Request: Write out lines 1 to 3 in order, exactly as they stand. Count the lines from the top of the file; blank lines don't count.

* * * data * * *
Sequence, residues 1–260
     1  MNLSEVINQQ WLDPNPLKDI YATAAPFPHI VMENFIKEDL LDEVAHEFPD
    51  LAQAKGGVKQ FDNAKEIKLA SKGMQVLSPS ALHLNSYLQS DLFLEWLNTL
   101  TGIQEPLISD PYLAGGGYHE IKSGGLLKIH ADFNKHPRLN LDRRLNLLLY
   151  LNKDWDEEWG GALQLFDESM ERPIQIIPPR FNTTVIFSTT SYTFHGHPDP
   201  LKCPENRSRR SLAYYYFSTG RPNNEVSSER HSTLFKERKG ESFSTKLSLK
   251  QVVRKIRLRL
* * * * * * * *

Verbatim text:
Sequence, residues 1–260
     1  MNLSEVINQQ WLDPNPLKDI YATAAPFPHI VMENFIKEDL LDEVAHEFPD
    51  LAQAKGGVKQ FDNAKEIKLA SKGMQVLSPS ALHLNSYLQS DLFLEWLNTL